Beginning Nov. 8, five Michigan counties will participate in a one-year oral fluid roadside drug testing pilot program.
The Michigan State Police announced that the counties will include Berrien, Delta, Kent, St. Clair, and Washtenaw. The counties are spread across the state.
The program will allow specifically trained officers to give roadside saliva tests to drivers suspected of being under the influence of such drugs as marijuana, cocaine and heroin.
Legislation to establish the pilot program was passed in September 2016, but establishing the program was on hold while attempting to determine which counties would participate.
According to the Michigan State Police, the one-year pilot program aims to determine the accuracy and reliability of oral fluid test kits/instruments in order to give trained drug recognition experts another tool to combat the dangers of impaired driving. The saliva drug tests will be used if a driver is suspected of driving impaired and not on a random basis, the Michigan State Police has said.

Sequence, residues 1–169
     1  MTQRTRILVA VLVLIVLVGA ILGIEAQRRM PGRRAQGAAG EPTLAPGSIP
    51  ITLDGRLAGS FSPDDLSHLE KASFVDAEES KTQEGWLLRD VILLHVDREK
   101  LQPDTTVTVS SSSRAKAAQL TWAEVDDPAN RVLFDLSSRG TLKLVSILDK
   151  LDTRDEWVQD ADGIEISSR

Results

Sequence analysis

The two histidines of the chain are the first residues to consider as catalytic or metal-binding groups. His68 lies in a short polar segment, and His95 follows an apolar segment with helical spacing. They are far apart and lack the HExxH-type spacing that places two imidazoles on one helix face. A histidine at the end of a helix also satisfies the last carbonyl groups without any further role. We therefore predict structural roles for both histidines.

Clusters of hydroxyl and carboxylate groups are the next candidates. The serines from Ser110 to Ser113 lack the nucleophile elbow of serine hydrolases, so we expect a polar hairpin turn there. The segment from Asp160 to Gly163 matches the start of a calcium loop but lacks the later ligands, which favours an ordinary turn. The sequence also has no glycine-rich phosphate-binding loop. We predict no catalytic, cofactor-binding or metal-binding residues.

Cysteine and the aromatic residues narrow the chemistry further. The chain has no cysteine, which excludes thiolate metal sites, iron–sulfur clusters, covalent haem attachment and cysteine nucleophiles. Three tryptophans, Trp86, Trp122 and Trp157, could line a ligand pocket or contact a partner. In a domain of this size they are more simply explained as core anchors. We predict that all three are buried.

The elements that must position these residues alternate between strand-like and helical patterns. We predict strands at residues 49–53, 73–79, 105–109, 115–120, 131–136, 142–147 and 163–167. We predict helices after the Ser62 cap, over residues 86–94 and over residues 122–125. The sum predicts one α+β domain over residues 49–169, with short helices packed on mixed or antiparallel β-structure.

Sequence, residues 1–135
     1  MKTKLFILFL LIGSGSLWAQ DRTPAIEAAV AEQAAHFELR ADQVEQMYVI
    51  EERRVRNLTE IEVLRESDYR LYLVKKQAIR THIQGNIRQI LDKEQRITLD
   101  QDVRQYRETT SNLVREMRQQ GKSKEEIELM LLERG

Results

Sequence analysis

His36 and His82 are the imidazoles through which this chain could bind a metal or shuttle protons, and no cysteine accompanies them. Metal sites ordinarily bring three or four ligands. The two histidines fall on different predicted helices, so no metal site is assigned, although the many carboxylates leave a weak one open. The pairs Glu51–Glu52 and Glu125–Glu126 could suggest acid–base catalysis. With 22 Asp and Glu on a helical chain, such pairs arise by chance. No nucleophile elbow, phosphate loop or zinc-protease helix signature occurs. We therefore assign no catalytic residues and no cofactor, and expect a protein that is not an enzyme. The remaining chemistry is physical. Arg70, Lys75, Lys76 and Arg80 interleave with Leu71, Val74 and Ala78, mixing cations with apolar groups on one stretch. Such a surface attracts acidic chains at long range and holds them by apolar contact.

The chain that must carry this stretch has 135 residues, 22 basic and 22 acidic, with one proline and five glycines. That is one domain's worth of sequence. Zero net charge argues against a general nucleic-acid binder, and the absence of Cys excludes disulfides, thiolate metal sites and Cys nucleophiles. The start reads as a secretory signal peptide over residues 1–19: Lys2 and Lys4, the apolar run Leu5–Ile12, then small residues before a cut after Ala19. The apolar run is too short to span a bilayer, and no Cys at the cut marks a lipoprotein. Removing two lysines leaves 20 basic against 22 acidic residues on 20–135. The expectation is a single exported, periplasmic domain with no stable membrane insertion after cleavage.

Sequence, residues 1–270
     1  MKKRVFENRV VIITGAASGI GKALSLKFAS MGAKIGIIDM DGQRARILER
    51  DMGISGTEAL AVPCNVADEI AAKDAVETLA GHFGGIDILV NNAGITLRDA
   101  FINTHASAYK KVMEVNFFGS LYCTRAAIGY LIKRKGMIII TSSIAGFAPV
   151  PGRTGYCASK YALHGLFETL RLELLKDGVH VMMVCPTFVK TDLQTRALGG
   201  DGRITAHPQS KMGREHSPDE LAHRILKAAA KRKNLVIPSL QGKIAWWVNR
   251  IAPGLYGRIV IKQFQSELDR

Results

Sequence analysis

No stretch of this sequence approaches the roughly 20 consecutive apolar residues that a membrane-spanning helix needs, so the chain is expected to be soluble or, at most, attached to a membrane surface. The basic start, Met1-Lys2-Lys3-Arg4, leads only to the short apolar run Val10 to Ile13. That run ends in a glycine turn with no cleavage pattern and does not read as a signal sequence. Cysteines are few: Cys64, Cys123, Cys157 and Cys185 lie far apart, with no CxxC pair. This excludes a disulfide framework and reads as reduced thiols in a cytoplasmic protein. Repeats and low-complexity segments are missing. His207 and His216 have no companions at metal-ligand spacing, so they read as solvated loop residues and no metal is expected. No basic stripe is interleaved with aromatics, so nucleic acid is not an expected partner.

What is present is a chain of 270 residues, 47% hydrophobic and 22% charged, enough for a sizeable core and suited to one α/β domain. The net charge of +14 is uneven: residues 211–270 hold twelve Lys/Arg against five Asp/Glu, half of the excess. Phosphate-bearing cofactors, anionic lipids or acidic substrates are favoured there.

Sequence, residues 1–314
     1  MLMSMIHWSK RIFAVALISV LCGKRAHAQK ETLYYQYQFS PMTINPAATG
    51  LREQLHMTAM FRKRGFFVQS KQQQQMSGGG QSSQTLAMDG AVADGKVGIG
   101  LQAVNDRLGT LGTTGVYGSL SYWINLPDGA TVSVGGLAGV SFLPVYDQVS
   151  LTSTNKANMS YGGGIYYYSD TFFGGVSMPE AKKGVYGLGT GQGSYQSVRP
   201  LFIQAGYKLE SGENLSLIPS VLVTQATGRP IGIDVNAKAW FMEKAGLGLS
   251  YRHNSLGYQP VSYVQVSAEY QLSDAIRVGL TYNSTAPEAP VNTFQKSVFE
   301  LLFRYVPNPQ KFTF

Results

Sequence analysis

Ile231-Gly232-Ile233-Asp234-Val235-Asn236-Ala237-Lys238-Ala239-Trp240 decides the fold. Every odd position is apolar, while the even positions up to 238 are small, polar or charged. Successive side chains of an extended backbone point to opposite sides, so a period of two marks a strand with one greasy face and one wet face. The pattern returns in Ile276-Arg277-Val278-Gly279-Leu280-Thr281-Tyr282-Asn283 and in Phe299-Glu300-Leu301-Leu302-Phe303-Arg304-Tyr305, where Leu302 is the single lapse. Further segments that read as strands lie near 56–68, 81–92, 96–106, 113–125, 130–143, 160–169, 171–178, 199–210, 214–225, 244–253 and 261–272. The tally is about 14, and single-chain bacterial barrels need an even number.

“Motorists under the influence of drugs pose a risk to themselves and others on the road,” Col. Kriste Kibbey Etue, director of the Michigan State Police, said in a news release. “With drugged driving on the rise, law enforcement officers need an effective tool to assist in making these determinations during a traffic stop.”
The pilot counties were chosen based on several criteria, including the number of impaired driving crashes, impaired drivers arrested, and trained drug recognition experts in the county.
According to the Michigan State Police, drug recognition experts are police officers who have received highly specified training that allows them to identify drivers impaired by drugs.
Although the pilot program is being organized and managed by the Michigan State Police, drug recognition experts employed by county, township and municipal police agencies also will be involved.
The saliva will be obtained by a mouth swab.
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